Dan Rothstein and Luz Santana from The Right Question Project have published Make Just One Change, a new book about using their approach in schools. It’s available from Harvard Education Press. Howard Gardner writes, “In reading this powerful work, I was reminded of what Albert Einstein said, when he learned of Jean Piaget’s pioneering questioning of young children: ‘so simple only a genius could have thought of it.”
The Right Question idea is indeed simple and powerful. When teachers, case workers, doctors, police officers, and many other officials make decisions that affect us, we need to ask what decisions are being made and why. If we don’t ask “the right questions,” we can be poorly served or mistreated, whether intentionally or accidentally. I say “we” because I am not always confident that I ask the right questions, and I have benefited personally from the simple training that Dan and Luz offer. But social class is important here. Middle class people learn early how to ask authority figures about their decisions and the reasons for them. Asking effective questions creates accountability and yields better results. Poor and working class people do not know whom or what to ask. (Annette Lareau’s book provides great evidence.) Yet the poorer you are, the more likely you are to interact with public sector employees who hold power over you. Thus asking the right question is a basic democratic act.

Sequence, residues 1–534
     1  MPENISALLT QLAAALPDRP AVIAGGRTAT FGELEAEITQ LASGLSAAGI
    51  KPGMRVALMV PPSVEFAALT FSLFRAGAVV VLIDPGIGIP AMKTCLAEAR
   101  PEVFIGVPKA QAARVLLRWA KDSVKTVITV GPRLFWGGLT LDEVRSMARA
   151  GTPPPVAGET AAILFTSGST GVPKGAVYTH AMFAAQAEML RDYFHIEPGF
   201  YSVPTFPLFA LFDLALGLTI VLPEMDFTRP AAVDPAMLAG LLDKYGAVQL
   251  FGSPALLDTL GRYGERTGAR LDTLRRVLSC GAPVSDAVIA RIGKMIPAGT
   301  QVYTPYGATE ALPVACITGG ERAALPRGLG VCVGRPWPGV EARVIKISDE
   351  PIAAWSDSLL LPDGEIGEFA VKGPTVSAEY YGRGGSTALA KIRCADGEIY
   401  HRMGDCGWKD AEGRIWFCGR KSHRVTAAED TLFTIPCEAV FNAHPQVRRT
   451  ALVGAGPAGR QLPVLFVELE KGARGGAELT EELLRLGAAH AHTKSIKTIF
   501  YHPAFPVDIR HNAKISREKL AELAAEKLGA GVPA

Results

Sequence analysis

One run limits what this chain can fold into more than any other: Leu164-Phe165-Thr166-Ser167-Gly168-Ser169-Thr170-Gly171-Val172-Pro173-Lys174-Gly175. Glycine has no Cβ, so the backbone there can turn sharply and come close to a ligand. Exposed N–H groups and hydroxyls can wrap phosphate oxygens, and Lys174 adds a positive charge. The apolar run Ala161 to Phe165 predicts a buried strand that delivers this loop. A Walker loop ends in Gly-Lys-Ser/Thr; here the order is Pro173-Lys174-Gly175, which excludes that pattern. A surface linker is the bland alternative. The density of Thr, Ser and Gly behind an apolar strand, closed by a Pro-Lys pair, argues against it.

Although asking the right questions increases the power of clients (or students), it is not zero-sum: power at the expense of officials or teachers. On the contrary, institutions can work better and public employees’ lives can get easier when the people they serve ask the right questions. Make Just One Change is primarily aimed at teachers and argues that they will be more effective if they teach their students to ask to ask the right questions.